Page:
The San Fermin Festival through the eyes of a Pamplonica

For me, the festival of San Fermín is much more than raging bulls, madness and alcohol. I was born on December 27th and 7 months later I was dressed like a Pamplonica. 

On July 6th, at noon, at the time of txupinazo, I was baptized at the same time the mayor of Pamplona initiated one of the best parties in the world! 

Perhaps this is why I have so much affection for this week, days in which the young, old, rich, poor, local and foreigners alike dress in white and red, and celebrate at a party known worldwide for its tradition and revelry. 

Indeed, it is a party for all ages. As a child, I visited the terrace of at the Plaza del Castillo to have brunch. I begged my parents to watch the fireworks and visit the fair.  Later on, as a teenager (and, admittedly, as an adult), I participated in the annual Battle in the Plaza del Castillo, fought with flour, eggs and champagne. 

Instead of the fair these days, you’ll find me at a concert in Antoniuti or Plaza del Castillo, and sharing drinks with friends post concert at one of the bars located on Jurauta St., Nueva St. or San Nicholas St. Though the activities changed as I grew up, the tradition remained close to my heart and remains a favorite time of year, and I’ve found that the Festival of San Fermin has become an even more important and treasured annual holiday in my life.

But, back to the fun. Although there are activities for all ages, I’ve found that I’ve enjoyed it the most as I have entered my late 20s and come to appreciate not only the party but also the leisure activities available in Pamplona during the San Fermín Festival. Activities are available 24 hours a day, whether it be music, events, laughter or just a great Spanish wine at one of the bars open 24 hours a day.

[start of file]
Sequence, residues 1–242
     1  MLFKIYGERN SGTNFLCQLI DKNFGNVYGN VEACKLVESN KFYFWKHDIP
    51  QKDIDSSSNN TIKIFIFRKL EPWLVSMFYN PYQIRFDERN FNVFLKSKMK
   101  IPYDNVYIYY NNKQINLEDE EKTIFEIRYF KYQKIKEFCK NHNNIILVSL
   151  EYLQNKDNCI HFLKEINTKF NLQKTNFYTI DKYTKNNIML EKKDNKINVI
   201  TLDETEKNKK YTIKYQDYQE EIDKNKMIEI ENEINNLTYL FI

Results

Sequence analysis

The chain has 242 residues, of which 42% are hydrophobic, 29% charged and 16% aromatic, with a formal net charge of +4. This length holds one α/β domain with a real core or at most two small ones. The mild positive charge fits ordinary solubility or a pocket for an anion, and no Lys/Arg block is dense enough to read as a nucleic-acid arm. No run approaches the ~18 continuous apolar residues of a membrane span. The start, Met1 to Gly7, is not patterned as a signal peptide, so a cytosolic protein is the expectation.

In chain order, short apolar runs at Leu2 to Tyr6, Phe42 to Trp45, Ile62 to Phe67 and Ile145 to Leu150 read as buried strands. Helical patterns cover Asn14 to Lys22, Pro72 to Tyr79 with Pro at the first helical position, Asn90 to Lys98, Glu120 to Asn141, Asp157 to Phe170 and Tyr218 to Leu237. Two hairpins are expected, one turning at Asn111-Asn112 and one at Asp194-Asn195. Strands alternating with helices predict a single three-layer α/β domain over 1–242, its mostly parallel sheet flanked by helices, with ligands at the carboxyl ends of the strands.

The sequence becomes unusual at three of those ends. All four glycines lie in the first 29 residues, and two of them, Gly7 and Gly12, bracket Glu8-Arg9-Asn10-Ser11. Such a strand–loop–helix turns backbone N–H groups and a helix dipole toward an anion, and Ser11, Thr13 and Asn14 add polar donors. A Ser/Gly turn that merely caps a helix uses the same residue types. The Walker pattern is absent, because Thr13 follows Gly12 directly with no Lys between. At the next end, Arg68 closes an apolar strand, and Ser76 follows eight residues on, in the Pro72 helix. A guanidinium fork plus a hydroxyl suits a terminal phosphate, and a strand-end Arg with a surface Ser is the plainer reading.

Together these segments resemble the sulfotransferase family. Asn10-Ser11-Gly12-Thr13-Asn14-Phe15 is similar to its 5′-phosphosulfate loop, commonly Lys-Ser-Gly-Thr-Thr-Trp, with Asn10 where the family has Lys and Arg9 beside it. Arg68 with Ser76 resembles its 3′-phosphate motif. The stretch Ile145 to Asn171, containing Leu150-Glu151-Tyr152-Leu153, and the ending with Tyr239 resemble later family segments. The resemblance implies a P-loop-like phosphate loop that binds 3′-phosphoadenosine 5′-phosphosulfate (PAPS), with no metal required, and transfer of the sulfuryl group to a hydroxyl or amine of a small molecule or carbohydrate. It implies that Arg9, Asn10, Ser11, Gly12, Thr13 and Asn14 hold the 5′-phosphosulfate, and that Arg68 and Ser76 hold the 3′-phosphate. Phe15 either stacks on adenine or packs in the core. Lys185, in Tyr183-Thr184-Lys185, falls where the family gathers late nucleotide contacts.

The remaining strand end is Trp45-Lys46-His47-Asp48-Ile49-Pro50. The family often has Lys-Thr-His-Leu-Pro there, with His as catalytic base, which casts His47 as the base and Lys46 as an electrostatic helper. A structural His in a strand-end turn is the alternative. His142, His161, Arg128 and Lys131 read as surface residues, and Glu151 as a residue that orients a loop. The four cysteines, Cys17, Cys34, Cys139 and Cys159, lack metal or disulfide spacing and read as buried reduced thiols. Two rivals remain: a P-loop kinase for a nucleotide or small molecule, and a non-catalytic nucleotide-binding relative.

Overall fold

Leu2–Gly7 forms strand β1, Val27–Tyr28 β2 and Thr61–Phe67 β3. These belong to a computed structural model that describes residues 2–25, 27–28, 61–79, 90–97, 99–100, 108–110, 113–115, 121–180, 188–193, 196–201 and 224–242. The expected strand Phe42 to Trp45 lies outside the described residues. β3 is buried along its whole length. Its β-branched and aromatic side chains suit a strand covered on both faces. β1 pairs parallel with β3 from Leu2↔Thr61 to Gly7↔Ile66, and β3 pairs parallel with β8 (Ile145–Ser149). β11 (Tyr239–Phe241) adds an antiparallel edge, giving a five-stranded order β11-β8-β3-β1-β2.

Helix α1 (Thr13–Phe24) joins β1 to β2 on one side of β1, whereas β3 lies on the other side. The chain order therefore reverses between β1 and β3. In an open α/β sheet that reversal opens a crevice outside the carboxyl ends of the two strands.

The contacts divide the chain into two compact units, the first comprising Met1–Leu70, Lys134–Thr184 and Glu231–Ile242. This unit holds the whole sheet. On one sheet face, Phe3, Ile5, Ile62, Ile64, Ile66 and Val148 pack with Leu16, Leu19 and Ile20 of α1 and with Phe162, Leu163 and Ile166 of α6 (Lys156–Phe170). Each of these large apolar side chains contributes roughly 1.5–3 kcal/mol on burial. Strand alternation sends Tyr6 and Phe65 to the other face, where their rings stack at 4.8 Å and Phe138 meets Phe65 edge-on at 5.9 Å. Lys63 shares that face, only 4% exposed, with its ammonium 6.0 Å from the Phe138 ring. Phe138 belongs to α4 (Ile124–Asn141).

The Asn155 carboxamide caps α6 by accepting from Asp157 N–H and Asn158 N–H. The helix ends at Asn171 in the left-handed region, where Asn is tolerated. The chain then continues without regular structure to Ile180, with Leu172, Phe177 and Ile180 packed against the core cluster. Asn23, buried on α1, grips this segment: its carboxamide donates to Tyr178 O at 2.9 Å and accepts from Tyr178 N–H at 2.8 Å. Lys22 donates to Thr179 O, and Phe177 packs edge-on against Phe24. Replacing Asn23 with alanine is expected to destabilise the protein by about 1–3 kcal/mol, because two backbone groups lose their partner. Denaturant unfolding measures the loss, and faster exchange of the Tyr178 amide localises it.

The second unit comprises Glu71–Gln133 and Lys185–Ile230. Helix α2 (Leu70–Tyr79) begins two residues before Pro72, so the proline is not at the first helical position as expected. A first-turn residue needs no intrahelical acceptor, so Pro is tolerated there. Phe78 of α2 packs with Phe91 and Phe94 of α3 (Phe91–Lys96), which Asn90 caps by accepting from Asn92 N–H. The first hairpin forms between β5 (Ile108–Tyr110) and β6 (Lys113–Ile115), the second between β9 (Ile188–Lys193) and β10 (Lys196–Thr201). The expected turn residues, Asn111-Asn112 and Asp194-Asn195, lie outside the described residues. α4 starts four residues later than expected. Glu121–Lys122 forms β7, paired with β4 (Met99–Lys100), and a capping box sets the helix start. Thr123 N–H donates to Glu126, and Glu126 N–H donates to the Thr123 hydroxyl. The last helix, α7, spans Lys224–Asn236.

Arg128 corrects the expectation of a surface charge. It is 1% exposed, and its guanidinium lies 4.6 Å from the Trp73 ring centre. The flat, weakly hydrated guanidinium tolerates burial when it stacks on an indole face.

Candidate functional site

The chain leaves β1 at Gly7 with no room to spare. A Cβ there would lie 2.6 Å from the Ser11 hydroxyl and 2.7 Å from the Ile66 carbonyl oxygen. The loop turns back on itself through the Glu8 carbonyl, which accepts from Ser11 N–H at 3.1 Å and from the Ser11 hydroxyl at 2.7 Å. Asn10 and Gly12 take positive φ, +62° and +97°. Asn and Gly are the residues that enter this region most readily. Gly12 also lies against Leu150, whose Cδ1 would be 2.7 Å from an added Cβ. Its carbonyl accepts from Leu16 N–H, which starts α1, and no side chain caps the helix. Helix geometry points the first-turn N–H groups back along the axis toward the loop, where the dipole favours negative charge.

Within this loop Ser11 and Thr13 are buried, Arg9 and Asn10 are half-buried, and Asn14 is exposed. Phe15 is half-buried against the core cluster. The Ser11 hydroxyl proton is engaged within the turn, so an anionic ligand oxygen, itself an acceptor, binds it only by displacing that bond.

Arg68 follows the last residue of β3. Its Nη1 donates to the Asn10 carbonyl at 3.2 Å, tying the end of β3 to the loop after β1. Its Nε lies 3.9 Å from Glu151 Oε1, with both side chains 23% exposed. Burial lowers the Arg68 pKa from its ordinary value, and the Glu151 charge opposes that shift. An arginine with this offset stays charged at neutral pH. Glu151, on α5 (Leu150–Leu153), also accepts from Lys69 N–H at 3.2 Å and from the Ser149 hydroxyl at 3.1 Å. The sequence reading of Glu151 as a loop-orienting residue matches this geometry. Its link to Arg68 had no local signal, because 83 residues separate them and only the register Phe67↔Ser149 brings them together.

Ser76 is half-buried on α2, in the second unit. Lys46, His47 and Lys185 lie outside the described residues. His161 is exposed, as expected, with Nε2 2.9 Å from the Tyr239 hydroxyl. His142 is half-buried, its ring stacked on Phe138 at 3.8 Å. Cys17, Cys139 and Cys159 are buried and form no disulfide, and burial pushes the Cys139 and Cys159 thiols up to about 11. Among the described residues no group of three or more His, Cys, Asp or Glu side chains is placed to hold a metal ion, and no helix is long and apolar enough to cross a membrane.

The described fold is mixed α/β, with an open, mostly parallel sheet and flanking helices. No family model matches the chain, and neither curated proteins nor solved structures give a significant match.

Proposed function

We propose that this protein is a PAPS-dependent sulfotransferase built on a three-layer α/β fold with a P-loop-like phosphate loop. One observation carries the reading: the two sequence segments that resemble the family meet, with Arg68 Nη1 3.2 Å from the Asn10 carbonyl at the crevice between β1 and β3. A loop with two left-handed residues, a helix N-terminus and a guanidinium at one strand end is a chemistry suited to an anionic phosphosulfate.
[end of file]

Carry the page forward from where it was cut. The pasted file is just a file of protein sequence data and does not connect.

Below, If you are thinking on come to Pamplona on these dates, here is my recommendation for a sample day plan:
Get up early, get to your balcony and cheer on the running of the bulls.  After the run, enjoy breakfast and then go see the big heads and giants (Gigantes & Kilikis) that leaving City Hall.

After you can Take a stroll down Estafeta or San Nicolas St for tapas and wine, 
before a leisurely lunch in some of the many good restaurants in town.

A perfect place to relax and have a coffee, after have a large lunch is the Rincón de Caballo Blanco, a beautiful setting of the old town of Pamplona, where you can enjoy a moment of tranquility and delight in its fantastic views.

And when you are ready, make your way to Plaza de Toros and shout “Ole!” as bullfights begin at 6.30 pm. You will see 6 bulls fought by brave matadors every evening from July 6th to July 14th. 

Once the bullfight is over, don’t miss out on the peñas, the 16 bands come out with their banners from the alley of Plaza de toros, accompanied by people who sing, drink and dance. When they pass, join them and walk around the streets of the old part of Pamplona, stopping at bars to get to the bar of the “home” bar of the peña.

If you don’t want go with the peñas, when the bullfight is over, I recommend you going to drink and dance on Cuesta de Labrit, some bars has a wonderful patios, my favourites places here are Kabiya or Niza.

When you’re tired of dancing and you’re hungry, go to have dinner to some restaurant located in Plaza del Castillo, or buy a sandwich and go to see how the Fireworks explode in the sky once night falls…. After you can choose, Enjoy a little more fun at any of the local bars or take a rest and start it all over the next day.

I grew up in Pamplona, and although I have lived in Logroño, Barcelona and Dallas, I have not missed a single Festival of San Fermín. I look forward to being there again with family and friends, and hope you will join us too to have fun during the San Fermín Festival.